On 5/28/2013 2:17 PM, Charlie-Boo wrote: > On May 27, 12:43 pm, fom <fomJ...@nyms.net> wrote: >> On 5/27/2013 10:51 AM, Charlie-Boo wrote: >> >>> On May 26, 2:52 am, Zuhair <zaljo...@gmail.com> wrote: >>>> Frege wanted to reduce mathematics to Logic >> >>> What does it mean to "reduce mathematics to Logic"? >> >> Historically, mathematics had been seen as treating the science >> of number and the science of form. Classes had been considered >> the subject of logic. As mathematics developed in the 19th >> century, issues associated with geometry motivated a general >> arithmetization of mathematics. The Fregean program of >> logicism involved establishing the foundations of mathematics >> by defining arithmetic in terms of classes. >> >> A more modern author who makes a simple statement of such >> is Quine in "Methods of Logic" if I recall correctly. > > You say you are reducing mathematics to logic by equating arithmetic > with certain classes.
*I* am doing nothing.
I merely answered your statement as it is presented in the literature historically.
> But (a) you are equating only arithmetic, and > only arithmetic of the natural numbers, to (b) the set of classes that > can be represented by finite expressions that you choose to represent > certain classes. That is,your > > MATH > | | > V > Logic > > is really just, > > MATH > > ARITHMETIC > > Natural Numbers > > | | > v > > Any particular infinite Set > > Classes > > What about (a) reducing negative integers? Arithmetic of real > numbers? Other branches of mathematics e.g. trigonometry or number > theory?
The most concise statement of this can be found in the introductory chapter of Kleene "Introduction to Metamathematics".
It is in my remarks above as "issues associated with geometry motivated a general arithmetization of mathematics".
And, if you want to know one way of doing it, you may revisit my impenetrable post,
> > And (b) doesn?t this apply to any infinite set? For example, instead > of the expressions for representing certain classes, can?t we equate > the natural numbers to any r.e. set we use in mathematics e.g the set > of wffs or strings in general or matching parentheses (), (()), ()(), > (()()) etc?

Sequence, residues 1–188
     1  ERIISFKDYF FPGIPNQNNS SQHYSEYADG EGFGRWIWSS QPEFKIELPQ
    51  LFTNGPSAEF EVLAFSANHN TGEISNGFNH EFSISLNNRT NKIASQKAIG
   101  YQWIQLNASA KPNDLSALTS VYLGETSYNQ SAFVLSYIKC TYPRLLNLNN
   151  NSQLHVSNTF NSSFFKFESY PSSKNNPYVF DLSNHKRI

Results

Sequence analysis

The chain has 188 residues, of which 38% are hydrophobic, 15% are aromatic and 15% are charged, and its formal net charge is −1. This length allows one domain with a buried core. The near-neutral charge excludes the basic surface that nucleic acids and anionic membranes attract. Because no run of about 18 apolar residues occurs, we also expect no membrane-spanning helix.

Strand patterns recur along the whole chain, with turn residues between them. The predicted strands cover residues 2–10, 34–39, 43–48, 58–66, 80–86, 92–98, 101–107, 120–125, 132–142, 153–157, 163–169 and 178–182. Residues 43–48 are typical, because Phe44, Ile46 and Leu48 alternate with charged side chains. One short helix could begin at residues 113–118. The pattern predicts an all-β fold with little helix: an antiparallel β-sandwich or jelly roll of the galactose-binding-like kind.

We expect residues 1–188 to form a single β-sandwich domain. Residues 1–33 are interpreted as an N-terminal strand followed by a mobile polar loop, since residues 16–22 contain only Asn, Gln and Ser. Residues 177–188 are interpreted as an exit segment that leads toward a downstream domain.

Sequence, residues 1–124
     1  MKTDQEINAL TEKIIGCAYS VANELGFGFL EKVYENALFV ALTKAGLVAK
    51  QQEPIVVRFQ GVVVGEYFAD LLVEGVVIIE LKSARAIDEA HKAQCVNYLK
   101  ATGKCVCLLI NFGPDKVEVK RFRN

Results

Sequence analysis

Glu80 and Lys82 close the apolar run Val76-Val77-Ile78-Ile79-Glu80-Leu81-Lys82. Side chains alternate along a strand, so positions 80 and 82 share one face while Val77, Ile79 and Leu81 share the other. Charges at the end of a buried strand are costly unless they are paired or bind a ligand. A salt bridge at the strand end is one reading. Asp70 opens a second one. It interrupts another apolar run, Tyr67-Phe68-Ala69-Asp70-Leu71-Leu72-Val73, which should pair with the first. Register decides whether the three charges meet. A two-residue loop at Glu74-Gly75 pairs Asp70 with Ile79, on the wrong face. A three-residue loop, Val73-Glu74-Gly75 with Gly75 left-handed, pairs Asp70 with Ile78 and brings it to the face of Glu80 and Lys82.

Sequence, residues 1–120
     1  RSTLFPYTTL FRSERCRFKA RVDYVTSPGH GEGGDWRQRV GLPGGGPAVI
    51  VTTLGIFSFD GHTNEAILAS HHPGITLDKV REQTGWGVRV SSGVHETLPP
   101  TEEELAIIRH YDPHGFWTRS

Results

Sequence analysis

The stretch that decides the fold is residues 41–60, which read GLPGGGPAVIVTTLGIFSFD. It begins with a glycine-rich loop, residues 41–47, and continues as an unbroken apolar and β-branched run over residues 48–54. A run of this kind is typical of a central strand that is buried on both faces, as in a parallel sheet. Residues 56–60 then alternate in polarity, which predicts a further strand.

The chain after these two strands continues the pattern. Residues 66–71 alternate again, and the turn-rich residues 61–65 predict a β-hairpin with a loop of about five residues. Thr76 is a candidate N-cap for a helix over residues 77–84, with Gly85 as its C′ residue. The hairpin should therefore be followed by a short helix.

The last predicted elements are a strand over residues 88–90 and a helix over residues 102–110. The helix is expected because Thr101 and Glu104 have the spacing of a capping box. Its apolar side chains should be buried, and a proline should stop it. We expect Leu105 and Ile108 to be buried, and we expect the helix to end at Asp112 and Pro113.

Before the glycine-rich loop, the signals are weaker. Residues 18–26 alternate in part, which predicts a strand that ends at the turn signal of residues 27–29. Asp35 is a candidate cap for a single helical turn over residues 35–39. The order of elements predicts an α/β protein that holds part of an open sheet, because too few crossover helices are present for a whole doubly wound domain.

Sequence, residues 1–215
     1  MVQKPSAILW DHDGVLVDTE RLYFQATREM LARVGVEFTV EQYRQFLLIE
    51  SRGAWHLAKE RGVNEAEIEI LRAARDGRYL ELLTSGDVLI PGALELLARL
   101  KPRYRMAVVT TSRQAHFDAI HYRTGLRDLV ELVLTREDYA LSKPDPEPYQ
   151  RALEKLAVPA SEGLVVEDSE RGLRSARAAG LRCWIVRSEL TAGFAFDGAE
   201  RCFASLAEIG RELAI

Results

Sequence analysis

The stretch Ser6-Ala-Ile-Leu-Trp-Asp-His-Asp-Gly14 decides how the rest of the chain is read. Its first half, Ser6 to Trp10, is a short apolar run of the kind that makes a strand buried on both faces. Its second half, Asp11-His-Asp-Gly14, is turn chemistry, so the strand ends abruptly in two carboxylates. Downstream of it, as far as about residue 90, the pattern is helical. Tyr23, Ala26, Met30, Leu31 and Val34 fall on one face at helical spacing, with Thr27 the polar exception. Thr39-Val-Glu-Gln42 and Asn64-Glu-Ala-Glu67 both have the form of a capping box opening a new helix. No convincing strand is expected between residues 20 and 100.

Once again, I answered your question according to the historical meaning of that phrase. You are applying certain modern views that would be compatible with Hilbert's formalist views, although the symbolic representations you are taking as possible models have a particular constructive origin.
Please do not hold me responsible for defending that history since I do not ascribe to logicism in that sense.
> > So you are just equating a small part of mathematics to an arbitrary > r.e. set. What does that have to do with mathematics in general or > logic in general? >
Define "mathematics in general"
Define "logic in general"
And, before you speak of "equating a small part of mathematics to an arbitrary r.e. set", please read Frege's "Foundations of Arithmetic".
Frege and Hilbert had different views on the nature of mathematics. Hilbert, for the most part, won. So, your questions do not make sense with respect to the context.
>>> The comments I >>> see after this first post seem to debate what that means, as well. If >>> (since) you are going to give (giving) a formal answer, then what is >>> the formal problem? Trigonometry is part of Mathematics. How would >>> we "reduce trig to Logic"? Or start with a simple case: What is the >>> criteria for something said to reduce number theory to logic? >> >>> Computers process only zeros and ones. Anything you do on paper can >>> be done with a computer. If 0 is replaced by FALSE and 1 is replaced >>> by TRUE, does a computer reduce mathematics to logic? >> >> Actually, Boole's idea had been to address issues >> in logic more mathematically. So, your example >> reflects replacing the traditional semantical >> notions of logic with the Boolean arithmetical >> representation. >> >> This is opposite to what you ask. >> >> Sometimes one sees reference to Boole as being >> associated with an algebraic approach to logic >> (a Boolean algebra is a logical algebra, right?) >> in contrast to the symbolic approach to logic >> associated with philosophical treatments. >> >> I would probably classify your reference to >> what can be done "on paper" along the lines >> of a symbolic approach, and, the Russian >> school of constructive mathematics is explicit >> in their treatment of number along such lines. >> >> So, to decide the issue, what is a number? > > There is no such thing as number. People throw in anything that is > needed to solve an equation that is often solved by the natural > numbers. They throw in negative integers, then rationals, then > irrationals, then real numbers, imaginary number, complex number, > transcendental numbers etc. It is a moving target with no single > definition. In general, it is what mathematics have decided to > include when they are trying to solve an equation and what they have > defined to be a "number" does not provide any solution, so they invent > a "new kind of number". > > The natural numbers are simply delimiters that divide everything into > things. But that started a whole series of equations and the addition > of whatever they need to solve their equations.
There is so much here, I cannot even touch this.
I do not reject your *opinion*. But I think it would be interesting to see you justify it with respect to the context of the philosophy of mathematics.